Lives of John Lennon: A Biography

Lives of John Lennon: A Biography

3.0 5
by Albert Goldman

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For those who hated him, and those who will read anything about him, the sordid, sensationalist truth that behind the public image was a drug addict, wife beater, cut-throat competitor, and insecure little boy. Annotation c. Book News, Inc., Portland, OR (

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Random House Publishing Group
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Lives of John Lennon 3 out of 5 based on 0 ratings. 5 reviews.
Sosohappy 10 months ago
A work of hate by a writer who hated rock-n-roll. Many better biographies of John Lennon have been written. Look for the books about Lennon written by Tim Riley, Ray Coleman and his ex-wife Cynthia for a better more diverse read. They are better than this one dimensional mean spirited literary attack.
Anonymous More than 1 year ago
Why is the Spanish language version of this available on the Nook and not the English? Why not make both version available? Makes no sense.
Guest More than 1 year ago
A difficult book to judge. Lennon was probably the best song-writer of his day and that is what we remember him for, but reading this book the man himself appears to be a self-centered, vain, insecure, and unpleasant individual. The author clearly is an admirer of Lennon's music, less so of the man, and the excesses of the '60's. He has little sympathy for Yoko Ono, who, he suggests was little more than a bad influence - one that John needed though, due to his inability to function without someone to take control of his life and guide him, for good or bad. The best thing I can say about this book is that it is a useful antidote to all those aging 1960's types who look back at the most trashy, superficial decade of the 20th century fondly, and still perceive Lennon to be some kind of visionary. If even half the things written here are true, then those people really should think again about themselves and their heroes. More and more Lennon does appear to be little more than a product of his time, and as such, inconsequential beyond purely historical interest.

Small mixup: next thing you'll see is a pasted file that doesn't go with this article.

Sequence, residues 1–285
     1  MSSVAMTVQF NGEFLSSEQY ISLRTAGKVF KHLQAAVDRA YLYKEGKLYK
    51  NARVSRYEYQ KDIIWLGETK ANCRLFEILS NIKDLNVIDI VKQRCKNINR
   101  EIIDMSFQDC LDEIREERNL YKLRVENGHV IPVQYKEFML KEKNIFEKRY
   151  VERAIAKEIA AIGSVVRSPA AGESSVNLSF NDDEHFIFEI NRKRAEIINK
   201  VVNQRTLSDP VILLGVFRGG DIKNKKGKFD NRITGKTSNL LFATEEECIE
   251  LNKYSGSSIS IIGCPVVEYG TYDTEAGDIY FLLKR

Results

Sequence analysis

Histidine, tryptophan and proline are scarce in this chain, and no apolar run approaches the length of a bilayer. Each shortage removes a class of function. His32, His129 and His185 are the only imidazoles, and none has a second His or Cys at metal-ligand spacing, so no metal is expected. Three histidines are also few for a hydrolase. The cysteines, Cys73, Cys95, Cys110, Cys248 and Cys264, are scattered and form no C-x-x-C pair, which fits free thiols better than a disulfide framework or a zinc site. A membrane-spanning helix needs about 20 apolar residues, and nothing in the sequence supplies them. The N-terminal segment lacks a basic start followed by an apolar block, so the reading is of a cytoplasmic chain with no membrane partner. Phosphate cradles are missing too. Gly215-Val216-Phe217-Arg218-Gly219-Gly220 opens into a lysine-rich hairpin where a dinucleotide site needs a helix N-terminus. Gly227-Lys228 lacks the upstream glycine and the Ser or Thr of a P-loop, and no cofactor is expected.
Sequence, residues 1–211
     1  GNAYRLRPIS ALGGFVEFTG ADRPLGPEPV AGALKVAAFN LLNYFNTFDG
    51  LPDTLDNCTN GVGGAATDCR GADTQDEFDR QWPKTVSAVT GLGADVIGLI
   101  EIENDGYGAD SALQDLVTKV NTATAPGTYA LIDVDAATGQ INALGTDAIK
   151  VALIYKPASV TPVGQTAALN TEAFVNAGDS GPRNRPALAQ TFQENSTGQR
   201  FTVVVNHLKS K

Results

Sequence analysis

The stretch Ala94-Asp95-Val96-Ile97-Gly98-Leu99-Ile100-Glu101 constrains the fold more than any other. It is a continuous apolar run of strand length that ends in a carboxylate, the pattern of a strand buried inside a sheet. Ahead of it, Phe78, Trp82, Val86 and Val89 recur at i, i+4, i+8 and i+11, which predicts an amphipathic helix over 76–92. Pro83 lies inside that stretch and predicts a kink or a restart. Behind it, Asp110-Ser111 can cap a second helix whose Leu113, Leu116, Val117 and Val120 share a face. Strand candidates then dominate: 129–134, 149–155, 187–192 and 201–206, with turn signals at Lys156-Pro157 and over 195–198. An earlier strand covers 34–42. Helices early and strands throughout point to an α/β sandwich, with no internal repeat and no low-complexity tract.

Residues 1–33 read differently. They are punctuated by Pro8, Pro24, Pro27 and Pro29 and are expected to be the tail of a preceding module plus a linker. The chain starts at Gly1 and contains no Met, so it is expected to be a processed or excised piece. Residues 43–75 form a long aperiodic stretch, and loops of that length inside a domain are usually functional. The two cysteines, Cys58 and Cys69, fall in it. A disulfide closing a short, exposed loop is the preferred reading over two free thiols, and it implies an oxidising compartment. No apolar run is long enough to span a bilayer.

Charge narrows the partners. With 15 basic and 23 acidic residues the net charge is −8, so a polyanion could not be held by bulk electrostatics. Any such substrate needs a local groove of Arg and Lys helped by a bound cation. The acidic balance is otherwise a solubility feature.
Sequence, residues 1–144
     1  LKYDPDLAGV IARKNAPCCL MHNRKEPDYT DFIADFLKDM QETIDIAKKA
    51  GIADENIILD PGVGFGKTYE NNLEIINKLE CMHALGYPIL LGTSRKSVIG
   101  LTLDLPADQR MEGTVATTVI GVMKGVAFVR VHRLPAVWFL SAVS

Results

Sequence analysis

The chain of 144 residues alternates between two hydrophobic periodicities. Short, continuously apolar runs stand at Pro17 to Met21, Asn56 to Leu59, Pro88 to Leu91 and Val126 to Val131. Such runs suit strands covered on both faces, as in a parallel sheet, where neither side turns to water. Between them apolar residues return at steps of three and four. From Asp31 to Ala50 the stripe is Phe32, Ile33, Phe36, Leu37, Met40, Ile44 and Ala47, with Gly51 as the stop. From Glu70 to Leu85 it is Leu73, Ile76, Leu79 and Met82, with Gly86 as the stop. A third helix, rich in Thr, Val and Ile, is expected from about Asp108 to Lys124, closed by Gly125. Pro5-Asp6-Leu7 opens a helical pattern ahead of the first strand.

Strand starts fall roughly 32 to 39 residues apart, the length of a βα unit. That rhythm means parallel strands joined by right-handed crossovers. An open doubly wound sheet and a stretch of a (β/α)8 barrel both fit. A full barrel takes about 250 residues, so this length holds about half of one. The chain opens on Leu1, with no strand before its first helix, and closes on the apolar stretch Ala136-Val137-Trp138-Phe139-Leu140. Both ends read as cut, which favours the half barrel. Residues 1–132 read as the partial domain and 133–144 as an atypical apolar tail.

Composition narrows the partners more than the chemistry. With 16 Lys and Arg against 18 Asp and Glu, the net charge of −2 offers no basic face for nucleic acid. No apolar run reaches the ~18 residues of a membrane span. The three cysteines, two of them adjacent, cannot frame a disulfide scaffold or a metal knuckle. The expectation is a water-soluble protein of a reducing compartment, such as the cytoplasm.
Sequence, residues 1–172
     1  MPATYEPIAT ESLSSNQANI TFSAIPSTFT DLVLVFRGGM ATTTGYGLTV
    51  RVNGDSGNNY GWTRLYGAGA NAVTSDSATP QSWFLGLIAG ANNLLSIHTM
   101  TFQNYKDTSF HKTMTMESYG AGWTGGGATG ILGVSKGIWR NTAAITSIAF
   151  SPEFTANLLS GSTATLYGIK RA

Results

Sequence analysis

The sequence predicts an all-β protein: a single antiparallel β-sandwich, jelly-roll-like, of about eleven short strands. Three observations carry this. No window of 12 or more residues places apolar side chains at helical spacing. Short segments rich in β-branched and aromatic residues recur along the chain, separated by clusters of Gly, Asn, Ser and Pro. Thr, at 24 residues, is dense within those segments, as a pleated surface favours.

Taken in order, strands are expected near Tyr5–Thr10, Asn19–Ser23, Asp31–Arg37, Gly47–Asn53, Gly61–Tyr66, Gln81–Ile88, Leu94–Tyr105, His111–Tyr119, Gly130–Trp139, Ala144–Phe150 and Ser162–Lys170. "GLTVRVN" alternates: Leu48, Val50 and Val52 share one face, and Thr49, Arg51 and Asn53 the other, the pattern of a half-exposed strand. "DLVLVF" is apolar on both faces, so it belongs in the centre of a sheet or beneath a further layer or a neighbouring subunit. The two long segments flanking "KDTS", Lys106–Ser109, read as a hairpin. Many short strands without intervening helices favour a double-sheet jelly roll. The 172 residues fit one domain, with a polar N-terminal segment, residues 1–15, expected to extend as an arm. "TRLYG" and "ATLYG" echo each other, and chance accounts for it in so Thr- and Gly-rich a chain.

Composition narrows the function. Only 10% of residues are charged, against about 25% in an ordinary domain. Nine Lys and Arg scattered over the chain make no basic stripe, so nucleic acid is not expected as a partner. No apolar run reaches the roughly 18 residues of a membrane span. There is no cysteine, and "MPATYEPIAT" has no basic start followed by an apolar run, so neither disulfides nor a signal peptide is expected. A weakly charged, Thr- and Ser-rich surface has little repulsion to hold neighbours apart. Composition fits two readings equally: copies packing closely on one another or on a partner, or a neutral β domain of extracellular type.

Guest More than 1 year ago
Not the most accurate book about John Lennon (let alone one of the most shocking retellings of his life) yet the book is highly accessible and a fun read. The book goes in depth on many aspects of the Lennon/Beatles phenomenon. The bio mentions several girlfriends of John¿s, one who was Asian ---this one was before 1968. The book also describes the infamous Lennon-Epstein ¿thing¿ in scandalizing detail. Some aspects of the bio had me shocked, literally gaping; still I brushed these statements aside and (as I read on) became entertained by what to author was telling. Yes there was a big controversy over the fact that Goldman was not giving us the facts and turning the facts into fiction; still, most information in the rock and roll world are tinged with rumors. If you¿re looking for a true story, read several Lennon bios and decide for yourself. So, take it with a grain of salt and just enjoy this book regardless of its flaws.
Guest More than 1 year ago
I read this book back in 1989 when it was released and got a lot of flack from Lennon fans..I was disturbed by its content back then...but as years have passed and more Lennon biographies came out I now believe everything in Goldmans book...maybe enough time has passed to face the truth...I loved John and can except him for the tortured soul he was. To many books have been written that coinside with Goldmans story...